Beef producers fear crisis

If the closure of XL Foods Inc.’s packing plant in Brooks persists, its impact on beef producers could escalate from being a minor setback to becoming a financial crisis, says an industry official.

If the closure of XL Foods Inc.’s packing plant in Brooks persists, its impact on beef producers could escalate from being a minor setback to becoming a financial crisis, says an industry official.

Doug Sawyer, a cow-calf producer from Pine Lake who chairs the Alberta Beef Producers, said Monday that the loss of XL Foods’ slaughter capacity is significant.

“They process at least a third of our cattle,” he said, adding that feedlot operators are being forced to hold onto cattle and feed them — a significant expense given the current high cost of feed.

“When you’ve got a fat animal, your cost per day per animal is probably over $4.”

Plus, continued Sawyer, feeding cattle beyond their market weight can result in meat that is fattier and less valuable.

The Canadian Food Inspection Agency temporarily suspended XL Foods’ licence on Thursday due to concerns that beef products contaminated with E. coli had been shipped from the plant. Meat sold at dozens of stores in Canada and beyond has also been recalled.

Sawyer said one option for affected cattle feeders is to ship their livestock to the United States for processing. But the associated transportation costs and discounted purchase prices would also mean a big financial hit.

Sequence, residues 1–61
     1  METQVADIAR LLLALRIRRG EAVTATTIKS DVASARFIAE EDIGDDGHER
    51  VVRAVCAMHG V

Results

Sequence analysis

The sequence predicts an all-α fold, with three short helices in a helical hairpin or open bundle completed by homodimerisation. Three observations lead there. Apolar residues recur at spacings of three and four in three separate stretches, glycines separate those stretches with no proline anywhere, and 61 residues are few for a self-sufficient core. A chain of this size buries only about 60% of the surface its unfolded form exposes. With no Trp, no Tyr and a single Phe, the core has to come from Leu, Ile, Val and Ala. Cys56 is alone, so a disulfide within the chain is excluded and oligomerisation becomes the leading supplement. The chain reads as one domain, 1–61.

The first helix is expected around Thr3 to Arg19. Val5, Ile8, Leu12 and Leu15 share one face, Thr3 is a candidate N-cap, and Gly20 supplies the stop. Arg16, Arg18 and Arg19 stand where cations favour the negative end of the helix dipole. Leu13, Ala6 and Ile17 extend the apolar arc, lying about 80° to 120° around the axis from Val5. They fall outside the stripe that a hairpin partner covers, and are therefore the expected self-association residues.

“It could be $200 to $300 per animal,” said Sawyer, noting that that alternative will become more attractive as time passes.

“Certainly, the guys are looking at it.”

Cattle feeders aren’t the only ones watching the XL Foods situation closely.

“It’s also hurting the cow-calf producers, because this is the time of year when we normally bring cows off pasture and we market our cull cows,” said Sawyer.

With packing plant and feedlot capacity limited, those farmers will have to incur the additional cost of feeding their cows and calves, or pondering other options.

“Everybody is a little edgy. Nobody knows really what to do.”

Sawyer said he met with Alberta Premier Alison Redford and Agriculture Minister Verlyn Olson in Calgary on Sunday. Then on Monday, he flew to Ottawa for a previously scheduled beef industry roundtable involving federal Agriculture Minister Gerry Ritz and other members of his department.

Both levels of government are doing what they can to resolve the situation, said Sawyer, but there are limits to what they can do.

“This is really between XL Foods and the CFIA, and they’re the ones that have to get it fixed. But anything that we can do to support it, we are doing.”

He expressed optimism that things will be resolved quickly and before producers are hurt too badly. However, added Sawyer, it’s impossible to know what will happen.

When the industry does return to normal, there may be some residual impact on beef consumption, he acknowledged.

“When something like this happens, there’s always a little blip on the market.”

But the Canadian beef industry has a good reputation for the quality of its products and its commitment to safety, he added. That should win back most consumers.

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